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May 13, 2003

Davis seeks discus title

From: Indianapolis Star, IN - May 13, 2003

Indiana School for the Deaf senior has won past 2 event championships in City meet.

By Pat McKee

One look at Indiana School for the Deaf senior Onye Davis, and it easy to see why he stands out in track and field.

The 6-2, 235-pound athlete strikes an imposing figure and is one of the area's best at the discus throw with a career best of 165 feet, 10 inches.

But as much as Davis likes to compete, he also has a sensitive side that drives him to succeed.

"I have seen children without homes and parents, and I feel very fortunate to have a home and parent," said Davis, 18, who will seek his third consecutive championship in the 70th annual City meet that begins at 4:30 p.m. Wednesday at Tech.

"My mother, Barbara, tells me to do my best and live my dreams. She keeps telling me when you fall to get right back up and never give up."

It is a philosophy that has worked well for Davis, who also starred in football and plans to pursue that sport in the fall at Gallaudet University. He set school records with 360 yards rushing and seven touchdowns in a game, but for now he is determined to excel in the discus.

"Winning the City for a third time is very important because I will be the first athlete at ISD to do that," Davis said. "I started throwing in middle school when several friends encouraged me to try it, and I realized I have talent. I am competitive and like doing well."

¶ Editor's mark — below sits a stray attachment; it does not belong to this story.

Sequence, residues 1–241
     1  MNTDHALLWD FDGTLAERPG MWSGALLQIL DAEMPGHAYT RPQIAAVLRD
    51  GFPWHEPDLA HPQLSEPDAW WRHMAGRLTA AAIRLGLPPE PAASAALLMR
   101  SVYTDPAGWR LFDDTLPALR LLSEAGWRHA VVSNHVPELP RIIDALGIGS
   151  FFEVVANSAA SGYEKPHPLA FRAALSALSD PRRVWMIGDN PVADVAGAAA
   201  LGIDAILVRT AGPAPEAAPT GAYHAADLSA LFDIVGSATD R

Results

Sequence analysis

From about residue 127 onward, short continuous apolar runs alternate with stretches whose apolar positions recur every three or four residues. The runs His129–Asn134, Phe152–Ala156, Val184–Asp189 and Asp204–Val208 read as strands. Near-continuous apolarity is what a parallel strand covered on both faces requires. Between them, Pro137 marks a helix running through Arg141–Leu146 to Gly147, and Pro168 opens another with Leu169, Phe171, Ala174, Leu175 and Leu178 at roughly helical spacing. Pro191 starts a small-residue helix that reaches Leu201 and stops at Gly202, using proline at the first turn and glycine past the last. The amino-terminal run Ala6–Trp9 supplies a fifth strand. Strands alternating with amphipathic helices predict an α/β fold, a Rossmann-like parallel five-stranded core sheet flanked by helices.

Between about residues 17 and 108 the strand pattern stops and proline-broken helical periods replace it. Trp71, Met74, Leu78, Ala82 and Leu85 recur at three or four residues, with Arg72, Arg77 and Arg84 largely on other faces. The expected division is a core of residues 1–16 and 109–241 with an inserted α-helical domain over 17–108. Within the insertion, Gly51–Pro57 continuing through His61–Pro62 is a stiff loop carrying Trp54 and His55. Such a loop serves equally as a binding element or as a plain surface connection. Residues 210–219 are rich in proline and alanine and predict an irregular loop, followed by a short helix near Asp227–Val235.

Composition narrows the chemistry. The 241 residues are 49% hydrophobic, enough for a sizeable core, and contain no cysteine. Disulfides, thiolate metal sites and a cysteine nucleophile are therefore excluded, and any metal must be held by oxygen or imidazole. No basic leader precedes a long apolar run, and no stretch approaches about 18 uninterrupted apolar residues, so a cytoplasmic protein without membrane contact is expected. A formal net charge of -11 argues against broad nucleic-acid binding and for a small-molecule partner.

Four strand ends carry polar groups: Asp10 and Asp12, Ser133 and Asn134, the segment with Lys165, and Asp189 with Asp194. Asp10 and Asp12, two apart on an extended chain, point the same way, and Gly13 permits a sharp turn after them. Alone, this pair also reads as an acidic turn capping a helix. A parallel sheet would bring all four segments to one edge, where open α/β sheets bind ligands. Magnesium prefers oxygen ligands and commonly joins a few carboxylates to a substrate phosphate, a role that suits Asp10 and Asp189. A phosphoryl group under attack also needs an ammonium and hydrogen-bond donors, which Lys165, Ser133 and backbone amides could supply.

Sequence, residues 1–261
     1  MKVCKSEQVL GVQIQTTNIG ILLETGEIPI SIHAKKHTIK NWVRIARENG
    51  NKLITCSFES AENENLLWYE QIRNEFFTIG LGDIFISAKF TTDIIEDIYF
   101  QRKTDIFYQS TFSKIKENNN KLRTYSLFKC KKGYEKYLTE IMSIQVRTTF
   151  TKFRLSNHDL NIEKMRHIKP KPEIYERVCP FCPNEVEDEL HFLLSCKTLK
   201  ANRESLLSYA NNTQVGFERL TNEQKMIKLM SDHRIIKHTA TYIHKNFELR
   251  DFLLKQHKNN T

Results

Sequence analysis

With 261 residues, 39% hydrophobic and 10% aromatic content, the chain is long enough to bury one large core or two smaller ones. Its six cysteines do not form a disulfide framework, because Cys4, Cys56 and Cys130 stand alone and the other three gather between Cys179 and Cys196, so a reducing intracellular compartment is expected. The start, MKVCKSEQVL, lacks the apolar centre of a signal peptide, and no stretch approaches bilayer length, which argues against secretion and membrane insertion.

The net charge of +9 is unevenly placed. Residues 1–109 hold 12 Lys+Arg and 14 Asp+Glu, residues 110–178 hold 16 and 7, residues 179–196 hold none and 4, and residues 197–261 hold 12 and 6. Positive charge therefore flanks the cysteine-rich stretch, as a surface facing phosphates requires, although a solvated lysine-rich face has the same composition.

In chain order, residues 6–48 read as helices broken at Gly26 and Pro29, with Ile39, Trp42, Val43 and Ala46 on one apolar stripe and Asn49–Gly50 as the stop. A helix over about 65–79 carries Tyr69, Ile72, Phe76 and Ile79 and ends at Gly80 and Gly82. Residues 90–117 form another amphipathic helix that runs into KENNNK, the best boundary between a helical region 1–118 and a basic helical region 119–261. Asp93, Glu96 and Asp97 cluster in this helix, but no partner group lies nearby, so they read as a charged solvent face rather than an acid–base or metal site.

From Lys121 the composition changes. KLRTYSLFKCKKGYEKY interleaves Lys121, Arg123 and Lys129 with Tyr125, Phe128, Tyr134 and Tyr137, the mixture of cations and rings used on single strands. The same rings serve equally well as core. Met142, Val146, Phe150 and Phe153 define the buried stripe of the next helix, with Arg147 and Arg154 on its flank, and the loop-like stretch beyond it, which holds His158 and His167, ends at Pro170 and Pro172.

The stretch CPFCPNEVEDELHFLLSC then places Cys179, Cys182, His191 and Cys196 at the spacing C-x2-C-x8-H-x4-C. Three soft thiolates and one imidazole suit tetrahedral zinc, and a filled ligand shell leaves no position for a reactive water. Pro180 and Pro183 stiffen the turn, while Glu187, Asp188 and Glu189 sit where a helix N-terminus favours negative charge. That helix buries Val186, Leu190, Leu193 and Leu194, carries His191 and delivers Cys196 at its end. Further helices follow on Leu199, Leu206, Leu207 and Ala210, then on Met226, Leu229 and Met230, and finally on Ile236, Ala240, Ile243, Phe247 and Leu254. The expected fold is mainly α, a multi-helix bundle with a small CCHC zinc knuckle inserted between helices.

In addition to his City success, Davis also grabbed attention when he won last year's North Central Regional with his personal-best mark. Despite a 16th-place finish at the state meet, both he and Deaf Hoosiers coach Michael McGeath think Davis can do better this year.

"I have more big-meet experience, and I have improved my techniques in practice," said Davis, whose season best is 164-8.

McGeath said Davis has an excellent combination of speed and strength and should do well for years.

"Onye has a laid-back personality, and he strives for perfection in a short time," the coach said. "We hope to improve his best by 15 feet and set a new personal mark. To do that, he needs to be more patient. In the center of the ring, he needs to set a power position better. Sometimes he goes too quick and over-rotates."

Still, McGeath expects Davis to have an extended future in track as part of the World Games for the Deaf.

"Discus throwers have long careers, and I'm sure he will be active," McGeath said. "He will be successful in his chosen career."

For his part, Davis said he plans to study computer engineering and eventually move to Florida. Then, showing his sensitive side again, he said family always will be the most important part of his life.

"In 10 years, I will have a great wife and a great family," Davis said.

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